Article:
CEDAR RAPIDS — The Cedar Rapids Civil Rights Commission has written the Cedar Rapids City Council and the police chief, asking that they act quickly on the seven demands for police reform put forward by local Black Lives Matter protest leaders.
“As we have seen in demonstrations across our country, and in our own community, clear directives have arisen: systemic reform is essential, and we must act now,” the letter, sent Thursday, said.
The letter was signed by Stefanie Munsterman-Scriven, executive director of the commission.
The seven-member commission voted Wednesday to support the Cedar Rapids Advocates for Social Justice protest group’s calls for reform, which include forming an independent police citizen’s review board, significantly investing in diversity, equity and inclusion, and banning chokeholds.
Other points urge the city to decriminalize minor marijuana crimes, impose strict body camera provisions, make negotiations between law enforcement and municipal representatives public and abolish qualified immunity for police officers.
Commission member Anthony Arrington, who helped craft the demands and has been in talks with city leaders, said the advocates pared a long list of demands to seven items the group felt are “low-hanging fruit” for city action.
“The community is very adamant, as every community around the country is, that police reform must happen,” said Arrington, who abstained from the commission’s vote, given his involvement,
The city council is slated to discuss a resolution of support for the priorities at 1 p.m. Friday.
“It is appropriate for them to weigh in on these issues of civil rights, reform and social justice because we will need their help in making the systemic changes to a system that many of us know is flawed and can be greatly improved,” City Council member Dale Todd said of the commission’s letter.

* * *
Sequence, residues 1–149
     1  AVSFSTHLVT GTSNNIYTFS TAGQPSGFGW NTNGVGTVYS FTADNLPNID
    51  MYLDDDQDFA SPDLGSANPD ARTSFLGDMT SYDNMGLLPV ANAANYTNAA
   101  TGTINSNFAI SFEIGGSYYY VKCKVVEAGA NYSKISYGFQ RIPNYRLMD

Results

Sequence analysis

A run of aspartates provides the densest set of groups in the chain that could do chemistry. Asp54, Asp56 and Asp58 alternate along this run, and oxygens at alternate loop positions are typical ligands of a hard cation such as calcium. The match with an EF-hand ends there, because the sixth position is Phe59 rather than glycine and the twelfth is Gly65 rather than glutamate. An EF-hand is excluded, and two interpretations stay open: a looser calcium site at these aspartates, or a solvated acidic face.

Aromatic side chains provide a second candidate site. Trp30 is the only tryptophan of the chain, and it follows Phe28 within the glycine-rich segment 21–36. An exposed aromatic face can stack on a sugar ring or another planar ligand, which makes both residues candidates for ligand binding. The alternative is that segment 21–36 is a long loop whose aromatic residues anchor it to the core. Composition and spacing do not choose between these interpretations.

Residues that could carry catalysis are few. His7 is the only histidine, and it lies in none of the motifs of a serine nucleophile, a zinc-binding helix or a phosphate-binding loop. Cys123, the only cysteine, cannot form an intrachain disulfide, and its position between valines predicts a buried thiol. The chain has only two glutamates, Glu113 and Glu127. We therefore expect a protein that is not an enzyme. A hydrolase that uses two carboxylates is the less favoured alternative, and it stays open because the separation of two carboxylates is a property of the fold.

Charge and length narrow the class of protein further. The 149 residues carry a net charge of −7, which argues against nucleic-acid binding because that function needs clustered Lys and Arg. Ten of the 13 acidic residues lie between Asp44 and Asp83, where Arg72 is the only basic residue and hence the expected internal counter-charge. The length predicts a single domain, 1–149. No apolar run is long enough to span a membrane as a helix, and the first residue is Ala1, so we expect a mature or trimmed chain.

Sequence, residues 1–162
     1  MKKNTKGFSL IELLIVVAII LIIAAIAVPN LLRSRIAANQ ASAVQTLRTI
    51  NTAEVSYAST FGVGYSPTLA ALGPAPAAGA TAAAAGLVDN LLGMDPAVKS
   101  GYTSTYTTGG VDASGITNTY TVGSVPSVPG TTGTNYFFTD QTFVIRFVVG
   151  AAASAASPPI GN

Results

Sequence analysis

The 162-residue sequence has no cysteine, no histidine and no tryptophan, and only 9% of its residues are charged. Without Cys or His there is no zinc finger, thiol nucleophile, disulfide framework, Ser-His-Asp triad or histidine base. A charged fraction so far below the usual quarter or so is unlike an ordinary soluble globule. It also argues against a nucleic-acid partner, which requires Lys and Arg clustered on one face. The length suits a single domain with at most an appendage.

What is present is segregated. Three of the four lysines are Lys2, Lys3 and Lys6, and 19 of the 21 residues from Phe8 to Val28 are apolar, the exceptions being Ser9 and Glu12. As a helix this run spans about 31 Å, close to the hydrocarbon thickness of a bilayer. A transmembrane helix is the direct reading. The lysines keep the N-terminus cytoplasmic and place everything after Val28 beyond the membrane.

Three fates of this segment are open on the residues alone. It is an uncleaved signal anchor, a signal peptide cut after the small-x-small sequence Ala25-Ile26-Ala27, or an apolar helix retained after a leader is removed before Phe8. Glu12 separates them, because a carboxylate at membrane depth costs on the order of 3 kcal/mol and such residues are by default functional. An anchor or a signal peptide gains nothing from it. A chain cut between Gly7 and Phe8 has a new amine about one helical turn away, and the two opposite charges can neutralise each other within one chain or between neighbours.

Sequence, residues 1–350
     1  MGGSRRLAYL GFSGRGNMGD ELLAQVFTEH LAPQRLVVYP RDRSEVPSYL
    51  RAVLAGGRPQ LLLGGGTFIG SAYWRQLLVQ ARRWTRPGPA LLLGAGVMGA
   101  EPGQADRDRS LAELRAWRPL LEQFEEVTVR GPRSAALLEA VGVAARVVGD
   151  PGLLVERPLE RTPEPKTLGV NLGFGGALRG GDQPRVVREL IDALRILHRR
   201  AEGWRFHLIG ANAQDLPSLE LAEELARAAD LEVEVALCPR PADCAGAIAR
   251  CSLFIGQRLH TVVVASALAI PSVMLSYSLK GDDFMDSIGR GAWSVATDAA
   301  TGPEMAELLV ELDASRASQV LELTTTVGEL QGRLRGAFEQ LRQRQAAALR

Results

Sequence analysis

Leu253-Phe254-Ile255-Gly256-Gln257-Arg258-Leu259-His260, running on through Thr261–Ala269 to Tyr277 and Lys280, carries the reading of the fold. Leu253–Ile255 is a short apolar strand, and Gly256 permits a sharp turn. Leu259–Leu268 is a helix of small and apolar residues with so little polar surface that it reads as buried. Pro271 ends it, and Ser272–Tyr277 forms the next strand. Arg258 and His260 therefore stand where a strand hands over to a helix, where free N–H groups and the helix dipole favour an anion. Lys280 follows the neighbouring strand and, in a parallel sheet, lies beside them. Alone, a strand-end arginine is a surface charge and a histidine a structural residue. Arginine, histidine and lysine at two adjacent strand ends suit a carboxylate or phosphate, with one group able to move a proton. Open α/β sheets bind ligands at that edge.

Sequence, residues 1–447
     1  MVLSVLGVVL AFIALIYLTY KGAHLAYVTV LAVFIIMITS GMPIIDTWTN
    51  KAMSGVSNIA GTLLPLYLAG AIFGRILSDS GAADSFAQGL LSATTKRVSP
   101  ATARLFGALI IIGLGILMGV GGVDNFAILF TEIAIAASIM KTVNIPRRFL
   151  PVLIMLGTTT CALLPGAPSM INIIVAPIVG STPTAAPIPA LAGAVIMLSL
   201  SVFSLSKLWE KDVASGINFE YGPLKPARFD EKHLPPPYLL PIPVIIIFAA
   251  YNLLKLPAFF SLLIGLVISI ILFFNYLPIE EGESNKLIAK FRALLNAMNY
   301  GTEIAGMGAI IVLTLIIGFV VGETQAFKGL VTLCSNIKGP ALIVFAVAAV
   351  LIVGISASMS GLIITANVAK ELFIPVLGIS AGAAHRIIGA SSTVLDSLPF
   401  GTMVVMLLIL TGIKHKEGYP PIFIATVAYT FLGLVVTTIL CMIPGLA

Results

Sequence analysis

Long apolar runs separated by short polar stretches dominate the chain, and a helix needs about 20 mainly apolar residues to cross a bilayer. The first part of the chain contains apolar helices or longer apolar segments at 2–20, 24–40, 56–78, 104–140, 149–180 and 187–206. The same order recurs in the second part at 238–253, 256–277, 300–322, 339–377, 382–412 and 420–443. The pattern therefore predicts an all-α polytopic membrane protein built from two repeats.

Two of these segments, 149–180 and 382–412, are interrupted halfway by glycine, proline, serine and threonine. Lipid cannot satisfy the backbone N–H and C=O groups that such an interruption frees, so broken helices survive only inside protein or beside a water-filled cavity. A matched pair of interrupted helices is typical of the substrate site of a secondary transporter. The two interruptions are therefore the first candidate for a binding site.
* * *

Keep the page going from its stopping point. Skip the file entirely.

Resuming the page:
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Since an initial meeting June 9 with the advocacy group, Mayor Brad Hart and police Chief Wayne Jerman have said they are dedicated to creating a police citizens’ review board but must research which types are the right fit for Cedar Rapids.
How such panels operate varies across the country, according to the U.S. Department of Justice. Some empower civilians to investigate allegations and reporting findings to the chief or sheriff, or police officers look into findings for citizens to review. In another model, auditors investigate the process by which authorities investigated complaints.
Reform efforts have advanced at the state level, as Iowa Gov. Kim Reynolds last week signed into law a bipartisan police reform package that lawmakers fast-tracked to passage.
The new law did not address marijuana possession, but it does limit chokeholds to life-or-death situations and requires de-escalation training for officers.
The council’s plans to consider the protesters’ priorities Friday coincides with Juneteenth, which commemorates the day the last slaves were freed on June 19, 1865, in the United States.
Munsterman-Scriven said the commission didn’t have a timeline for when the council should implement the seven steps toward reform but hoped city officials act urgently without getting too wrapped up in bureaucracy.
Protest leaders previously indicated they hoped to see the city draft a plan for acting on their demands by Juneteenth, but Munsterman-Scriven said she understands items need further research.
“I do hope that there is a strong sense of support for the black community members, understanding (the meeting will address) not only this important holiday that frankly so many people do not know,” she said. “And I think it’s such an important way to potentially get that out into the limelight and make sure that we’re supporting our communities of color.”
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